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NCJRS Abstract

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NCJ Number: 221970 Find in a Library
Title: Production of Criminological Experiments
Journal: Evaluation Review  Volume:27  Issue:3  Dated:June 2003  Pages:316-335
Author(s): Joel H. Garner; Christy A. Visher
Date Published: June 2003
Page Count: 20
Type: Historical Overview
Format: Article
Language: English
Country: United States of America
Annotation: In examining the production of crime and justice field experiments during the 1990s, this study focused on the characteristics of criminological experiments conducted during the period from 1991 through 2000 under funding from the National Institute of Justice (NIJ), the principal research agency of the U.S. Department of Justice.
Abstract: During this period, NIJ supported 990 distinct research projects under grants of just over $225 million. Of these projects, only 21 used experimental methodologies, specifically, the random assignment of cases to alternative treatments. The award for the average experiment was approximately $100,000, which was 43-percent higher than other types of research projects. The issues studied by these experiments were concentrated in the areas of treatments/sanctions for illegal drug use (eight studies) and treatments/sanctions for domestic violence (seven). There were also two studies of policing practices, two on pretrial-release decisionmaking, and two on parole outcomes. The 21 experiments were conducted in 20 different agencies. Although never a substantial proportion of the NIJ research budget, NIJ financial support for randomized experimentation declined from 1991 to 2000. Neither the availability of funds, the nature of policy issues, implementation difficulties, average costs, nor the availability of interested and willing organizations or researchers apparently accounted for NIJ's decreasing funding and promotion of randomized experiments. Apparently, the limited use of rigorous randomized research by NIJ was due primarily to a lack of widespread energetic support for this type of research methodology among personnel involved in policy decisions bearing upon NIJ grant awards. This may be changing, as evidenced by language included in two recent NIJ research solicitations that explicitly encourage the use of experimental design, i.e., a multiple site evaluation of drug courts and a national evaluation of federally supported prisoner reentry programs. 2 tables, 7 notes, and 53 references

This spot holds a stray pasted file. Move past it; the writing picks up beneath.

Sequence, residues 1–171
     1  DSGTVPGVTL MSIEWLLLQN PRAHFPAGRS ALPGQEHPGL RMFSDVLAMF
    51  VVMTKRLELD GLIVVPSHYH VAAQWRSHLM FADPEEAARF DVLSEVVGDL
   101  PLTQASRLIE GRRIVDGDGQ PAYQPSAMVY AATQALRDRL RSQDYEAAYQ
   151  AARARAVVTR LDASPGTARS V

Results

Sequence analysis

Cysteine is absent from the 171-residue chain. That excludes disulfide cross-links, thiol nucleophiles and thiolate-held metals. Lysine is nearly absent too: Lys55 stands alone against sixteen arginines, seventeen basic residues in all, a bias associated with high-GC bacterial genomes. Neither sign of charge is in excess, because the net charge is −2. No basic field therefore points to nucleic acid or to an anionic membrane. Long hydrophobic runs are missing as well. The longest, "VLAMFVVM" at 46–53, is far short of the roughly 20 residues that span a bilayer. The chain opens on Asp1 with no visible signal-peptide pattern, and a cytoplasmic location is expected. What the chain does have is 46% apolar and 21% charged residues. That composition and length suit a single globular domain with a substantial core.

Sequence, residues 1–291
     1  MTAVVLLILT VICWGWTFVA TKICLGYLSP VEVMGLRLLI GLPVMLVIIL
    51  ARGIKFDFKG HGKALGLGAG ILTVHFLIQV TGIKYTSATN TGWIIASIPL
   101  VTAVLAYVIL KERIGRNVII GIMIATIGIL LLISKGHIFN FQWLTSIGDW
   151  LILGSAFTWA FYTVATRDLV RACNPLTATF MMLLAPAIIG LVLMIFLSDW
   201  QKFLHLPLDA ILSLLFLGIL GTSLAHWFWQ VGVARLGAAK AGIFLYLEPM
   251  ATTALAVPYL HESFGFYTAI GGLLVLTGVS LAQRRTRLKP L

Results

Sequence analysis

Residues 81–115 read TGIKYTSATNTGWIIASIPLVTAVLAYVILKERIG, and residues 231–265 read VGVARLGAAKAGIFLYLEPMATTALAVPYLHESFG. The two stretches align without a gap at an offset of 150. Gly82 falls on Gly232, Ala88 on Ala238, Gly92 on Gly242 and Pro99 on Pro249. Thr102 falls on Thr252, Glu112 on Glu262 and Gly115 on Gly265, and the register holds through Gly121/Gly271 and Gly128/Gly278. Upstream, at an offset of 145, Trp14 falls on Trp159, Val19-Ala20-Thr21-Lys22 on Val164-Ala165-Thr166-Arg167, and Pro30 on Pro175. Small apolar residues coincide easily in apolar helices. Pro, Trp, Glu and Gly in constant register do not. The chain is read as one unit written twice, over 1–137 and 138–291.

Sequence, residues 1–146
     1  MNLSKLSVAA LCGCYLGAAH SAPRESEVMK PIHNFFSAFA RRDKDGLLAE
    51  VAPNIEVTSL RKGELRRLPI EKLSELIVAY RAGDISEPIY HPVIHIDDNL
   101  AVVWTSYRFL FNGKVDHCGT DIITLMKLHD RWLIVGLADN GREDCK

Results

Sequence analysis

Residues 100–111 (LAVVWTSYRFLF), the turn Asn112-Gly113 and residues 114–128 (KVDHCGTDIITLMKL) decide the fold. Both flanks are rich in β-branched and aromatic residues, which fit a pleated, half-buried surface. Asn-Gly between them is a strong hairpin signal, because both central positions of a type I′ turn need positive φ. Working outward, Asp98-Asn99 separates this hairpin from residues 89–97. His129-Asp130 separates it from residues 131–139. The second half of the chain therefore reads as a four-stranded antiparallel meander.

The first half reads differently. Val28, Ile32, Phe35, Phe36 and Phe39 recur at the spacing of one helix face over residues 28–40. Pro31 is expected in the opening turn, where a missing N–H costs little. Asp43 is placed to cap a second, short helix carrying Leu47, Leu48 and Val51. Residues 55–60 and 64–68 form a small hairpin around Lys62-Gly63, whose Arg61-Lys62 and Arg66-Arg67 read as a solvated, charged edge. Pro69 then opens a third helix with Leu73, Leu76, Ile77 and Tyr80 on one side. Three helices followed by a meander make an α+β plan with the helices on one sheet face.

Main Term(s): Criminology
Index Term(s): Evaluative research; Grants or contracts; National Institute of Justice (NIJ); Research methods; Research organizations; Research programs
Note: For other articles in this series, see NCJ-221966-69 and NCJ-221971.
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